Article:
The Weight of Words

“I am a survivor, not a victim,” Johnson said. “I don’t give up. I might fail, but I always feel like there’s light at the end of the tunnel.”

Gunnar Johnson, a Goodwill client of seven years, was recently interviewed by the Duluth News Tribune (DNT) for an article on “People-First Language.”  Gunnar was able to share some of his background, to include past struggles and how he has been able to overcome difficulties through working at Goodwill.

According to disabilityisnatural.com, “People-First Language” is defined as putting the person before the disability. The site states that our choice in language can change the way we see a person, and it can change the way a person sees him or herself.  Disability is Natural goes on to say that our language shapes our attitudes; our attitudes shape our language; they’re intertwined. And our attitudes and language drive our actions.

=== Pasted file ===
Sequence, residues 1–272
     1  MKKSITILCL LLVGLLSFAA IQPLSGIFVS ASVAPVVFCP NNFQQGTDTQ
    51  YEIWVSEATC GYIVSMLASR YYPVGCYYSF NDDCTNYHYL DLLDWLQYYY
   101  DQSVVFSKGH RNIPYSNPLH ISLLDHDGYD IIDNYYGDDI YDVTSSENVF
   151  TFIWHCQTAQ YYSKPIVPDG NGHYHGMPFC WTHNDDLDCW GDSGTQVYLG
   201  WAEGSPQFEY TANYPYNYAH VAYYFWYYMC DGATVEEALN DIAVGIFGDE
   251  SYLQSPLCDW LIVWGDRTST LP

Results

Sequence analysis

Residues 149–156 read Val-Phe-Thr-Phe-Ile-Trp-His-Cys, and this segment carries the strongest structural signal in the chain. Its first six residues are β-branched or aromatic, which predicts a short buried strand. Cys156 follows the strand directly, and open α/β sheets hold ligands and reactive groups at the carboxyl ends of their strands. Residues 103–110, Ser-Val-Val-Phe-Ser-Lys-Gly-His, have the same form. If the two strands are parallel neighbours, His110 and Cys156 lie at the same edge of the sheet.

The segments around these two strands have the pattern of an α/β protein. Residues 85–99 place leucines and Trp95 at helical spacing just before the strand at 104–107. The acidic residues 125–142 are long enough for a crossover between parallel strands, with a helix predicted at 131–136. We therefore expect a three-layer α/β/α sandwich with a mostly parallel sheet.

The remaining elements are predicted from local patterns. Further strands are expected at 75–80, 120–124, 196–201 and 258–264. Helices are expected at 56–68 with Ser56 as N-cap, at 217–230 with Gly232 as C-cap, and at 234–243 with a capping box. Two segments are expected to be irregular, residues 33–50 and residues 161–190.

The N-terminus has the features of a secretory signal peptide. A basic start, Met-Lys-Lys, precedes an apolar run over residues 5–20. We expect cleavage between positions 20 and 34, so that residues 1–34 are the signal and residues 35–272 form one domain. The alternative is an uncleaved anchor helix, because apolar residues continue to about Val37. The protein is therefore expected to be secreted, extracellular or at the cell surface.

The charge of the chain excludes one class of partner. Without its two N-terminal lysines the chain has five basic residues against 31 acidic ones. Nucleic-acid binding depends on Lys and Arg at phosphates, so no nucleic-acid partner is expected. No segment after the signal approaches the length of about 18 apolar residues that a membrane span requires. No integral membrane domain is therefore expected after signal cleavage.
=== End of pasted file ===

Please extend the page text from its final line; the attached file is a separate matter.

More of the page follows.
As the DNT article states, Goodwill Duluth has been creating jobs and training people with disabilities for 96 years, and yet People-First language isn’t a policy that is specifically spelled-out.  Instead, the mindset and vocabulary inherent in People-First Language has long been adopted into Goodwill’s culture.  People with disabilities comprise the single largest minority group in America, and as such, care should be taken in showing the proper respect–a push currently being made among Goodwill’s employees.

Gunnar is choosing to focus on the positive, and has made many strides in his professional life.

“They (Goodwill) really work hard for people with disabilities,” said Gunnar. “It’s been a good place to work.”

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Photos by Bob King of the Duluth News Tribune.